Take advantage of our flexible study—choose a conjoint or double degree, or a double major. We also offer pathway options, distance and short courses.
No matter what your situation, we offer a range of flexible study options, so you can build a programme that fits in with your day-to-day life and career aspirations.
A conjoint degree is an intense programme that lets you do fewer courses, so you can complete two three-year degrees more quickly—usually within four years of full-time study.
Any two Bachelor’s degrees can be studied together as a conjoint. It’s important to start both degrees in your first year and have a balance of required courses and other courses you’d like to try for each degree.
Conjoint degrees take less time than a double degree and require a good level of academic progress to stay in the programme—you’ll need at least a B minus grade average each year.
If you’re finding it difficult to maintain this average, we’ll encourage you to finish one degree first—with our flexible degree options you should be able to fit all your subject choices into one degree. You can then choose to carry on with your second degree.
A double degree is studying for two degrees, whether at the same time or one after the other.
As you’ll study each degree in more depth, you can only cross-credit about 120 points of your double degree. It may be necessary to do more courses on top of this—so it’s likely to take longer to complete than a conjoint degree.
A major usually takes up less than half of the degree, so you may choose to do a double major and focus on two different subjects. This doesn’t increase the workload or make the degree take longer—you still complete 360 points worth of courses.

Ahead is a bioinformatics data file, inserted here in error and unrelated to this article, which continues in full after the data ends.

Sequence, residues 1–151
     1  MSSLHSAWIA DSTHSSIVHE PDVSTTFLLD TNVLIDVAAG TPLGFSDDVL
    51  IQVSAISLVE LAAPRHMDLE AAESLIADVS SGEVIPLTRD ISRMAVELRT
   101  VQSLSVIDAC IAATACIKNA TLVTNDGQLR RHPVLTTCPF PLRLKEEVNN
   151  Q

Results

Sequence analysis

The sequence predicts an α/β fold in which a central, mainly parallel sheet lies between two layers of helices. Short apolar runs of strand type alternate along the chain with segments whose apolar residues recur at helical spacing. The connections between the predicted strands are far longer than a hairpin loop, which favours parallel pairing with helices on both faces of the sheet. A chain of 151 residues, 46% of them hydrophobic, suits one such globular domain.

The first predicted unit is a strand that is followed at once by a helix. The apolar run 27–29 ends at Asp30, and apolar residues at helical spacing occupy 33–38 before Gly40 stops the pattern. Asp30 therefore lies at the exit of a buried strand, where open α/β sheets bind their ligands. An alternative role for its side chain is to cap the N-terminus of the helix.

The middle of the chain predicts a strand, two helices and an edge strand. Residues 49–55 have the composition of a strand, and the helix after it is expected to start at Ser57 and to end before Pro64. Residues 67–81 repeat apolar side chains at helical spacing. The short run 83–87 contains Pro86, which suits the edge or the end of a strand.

Choosing two majors in your first-year is a good way to keep your study options open and flexible. You can continue with your double major in second-year, or you can change and focus on just one subject with the other as a minor.
With some of our degrees you can take a second major from a different degree—for example, you can do a Bachelor of Science (BSc) with a double major in Physics and German.
A minor is an optional part of a degree, made up of a collection of courses in a particular subject. The workload for a minor is lighter than for a major—fewer courses to do, fewer points required. This makes a minor a good way to build a second or third area of focus or concentration into your degree.
All majors can be also be taken as a minor. You might also be able to study majors from other Victoria undergraduate degrees as a minor—for example, a Bachelor of Arts with a major in Geography, and a minor in Environmental Studies.
Some subjects are not available as majors, but you can take them as a minor. Other subjects have special requirements and course options as minors.
Bachelor of Health
You can take a minor subject from the Bachelor of Health. For information about these minors, contact a liaison officer or, if you are already a Victoria University student, contact your faculty office.
You may not be ready to start your degree straight away. We offer pathway programmes that are designed to prepare you for degree-level study.
Most degrees or programmes can be studied part-time. This usually means taking fewer courses per trimester.
We have a limited number of courses that you can study by distance. Some are taught online using Blackboard and some are only taught in one of the three trimesters.
Use the course finder to check what distance courses are available.
If you’re interested in a short course, rather than a longer programme of study, the Centre for Lifelong Learning has a range of options in Continuing Education and Professional and Executive Development.
If you have over five years of professional work experience then you might be eligible for professional programmes offered by Victoria Business School.
These options enable students to study at a higher level and work towards postgraduate qualifications. They are usually run in the evenings or offered in modules making it easy for you to juggle full-time work and study.